Quercetin: Health benefits, dosage, and side effects
Quercetin is a pigment found in many plants, fruits, and vegetables. It may have some health benefits and help prevent a range of conditions.
People can get quercetin through a balanced diet or by taking a supplement.
This article details the possible benefits of quercetin. It also looks at the potential side effects.
What is quercetin?
Grapes contain quercetin.
Quercetin is a flavonol, which is a sub-category of flavonoids.
Flavonoids are a particular chemical in plants, called phytonutrients, and have a wide range of health benefits.
Humans cannot make quercetin in their body, but many fruits, vegetables, and drinks contain it.
Foods and drinks that contain quercetin include:
Quercetin is also present in herbal remedies, such as ginkgo biloba and St John’s wort. People can also take quercetin as a supplement.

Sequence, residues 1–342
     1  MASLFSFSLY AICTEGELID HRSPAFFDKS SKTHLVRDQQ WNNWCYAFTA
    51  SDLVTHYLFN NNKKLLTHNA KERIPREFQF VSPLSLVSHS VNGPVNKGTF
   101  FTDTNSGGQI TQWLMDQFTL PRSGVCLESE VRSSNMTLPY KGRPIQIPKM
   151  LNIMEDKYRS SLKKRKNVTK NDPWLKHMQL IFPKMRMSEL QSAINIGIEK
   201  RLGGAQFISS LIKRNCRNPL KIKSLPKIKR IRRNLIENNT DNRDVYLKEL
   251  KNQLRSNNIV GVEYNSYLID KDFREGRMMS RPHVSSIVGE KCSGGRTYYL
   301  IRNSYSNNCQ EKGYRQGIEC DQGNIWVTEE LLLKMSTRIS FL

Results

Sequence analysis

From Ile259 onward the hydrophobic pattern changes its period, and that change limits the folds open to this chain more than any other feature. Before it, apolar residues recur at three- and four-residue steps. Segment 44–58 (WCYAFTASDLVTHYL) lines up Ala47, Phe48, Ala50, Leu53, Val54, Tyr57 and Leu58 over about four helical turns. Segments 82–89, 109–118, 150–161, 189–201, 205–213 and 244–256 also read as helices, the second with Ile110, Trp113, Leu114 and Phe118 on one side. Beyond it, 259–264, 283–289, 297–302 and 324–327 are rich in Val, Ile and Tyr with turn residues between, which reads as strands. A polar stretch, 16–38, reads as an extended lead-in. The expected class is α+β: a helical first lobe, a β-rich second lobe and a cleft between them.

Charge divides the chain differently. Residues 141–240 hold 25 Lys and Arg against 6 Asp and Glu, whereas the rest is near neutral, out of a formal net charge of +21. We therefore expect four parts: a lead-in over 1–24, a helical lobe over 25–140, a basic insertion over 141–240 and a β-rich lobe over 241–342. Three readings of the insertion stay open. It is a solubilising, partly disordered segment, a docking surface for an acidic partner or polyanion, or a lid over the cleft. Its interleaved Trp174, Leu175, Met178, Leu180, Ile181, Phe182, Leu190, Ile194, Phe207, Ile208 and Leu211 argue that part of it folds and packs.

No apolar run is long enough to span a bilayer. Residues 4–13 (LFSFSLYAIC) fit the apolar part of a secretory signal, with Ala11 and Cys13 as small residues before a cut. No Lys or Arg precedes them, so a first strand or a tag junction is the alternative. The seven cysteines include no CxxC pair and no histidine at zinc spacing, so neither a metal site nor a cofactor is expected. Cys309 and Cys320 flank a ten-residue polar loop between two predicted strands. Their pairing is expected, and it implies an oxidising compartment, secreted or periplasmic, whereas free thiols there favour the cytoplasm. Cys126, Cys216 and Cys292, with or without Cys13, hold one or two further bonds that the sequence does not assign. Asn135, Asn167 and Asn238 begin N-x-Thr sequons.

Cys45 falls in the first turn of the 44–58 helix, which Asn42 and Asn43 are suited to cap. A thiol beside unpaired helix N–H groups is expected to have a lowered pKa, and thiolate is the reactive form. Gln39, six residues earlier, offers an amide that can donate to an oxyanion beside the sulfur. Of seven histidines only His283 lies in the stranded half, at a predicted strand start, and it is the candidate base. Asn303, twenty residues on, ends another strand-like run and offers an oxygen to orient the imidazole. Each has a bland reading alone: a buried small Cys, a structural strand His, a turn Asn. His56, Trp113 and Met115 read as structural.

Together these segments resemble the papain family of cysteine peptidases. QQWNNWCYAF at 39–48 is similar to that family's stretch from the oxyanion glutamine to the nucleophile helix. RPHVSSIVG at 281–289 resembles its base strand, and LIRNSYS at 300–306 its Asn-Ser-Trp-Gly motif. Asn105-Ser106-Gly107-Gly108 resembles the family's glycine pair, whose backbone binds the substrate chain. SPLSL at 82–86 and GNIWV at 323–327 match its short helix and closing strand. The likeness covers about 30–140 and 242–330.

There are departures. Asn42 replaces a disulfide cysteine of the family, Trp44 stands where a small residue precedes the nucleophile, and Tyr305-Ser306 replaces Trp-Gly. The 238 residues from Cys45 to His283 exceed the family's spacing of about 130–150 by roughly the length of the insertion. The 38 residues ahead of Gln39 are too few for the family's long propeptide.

Quercetin is one of the most common and well-researched flavonoids.
Quercetin occurs naturally in onions.
Quercetin may contain anticancer properties that might help prevent the spread of cancerous cells and tumor growth.
Research has shown that a diet high in flavonoids, such as quercetin, can help prevent cancers. Fruits and vegetables are full of flavonoids, so increasing intake of these foods might reduce the risk of many types of cancer.
A 2015 report found that quercetin restricted the growth of prostate cancer cells in mice and rats.
A 2018 in vitro study indicated that quercetin showed promise in both the treatment and prevention of prostate cancer. In vitro means the researchers performed the experiment outside of a living thing, for example, in a test tube.
Researchers still need to find out more about the anticancer properties of quercetin in humans and to ensure the body can absorb high doses of quercetin effectively.
4. Preventing neurological diseases
Quercetin may help to prevent neurodegenerative diseases, such as Alzheimer’s or Parkinson’s disease.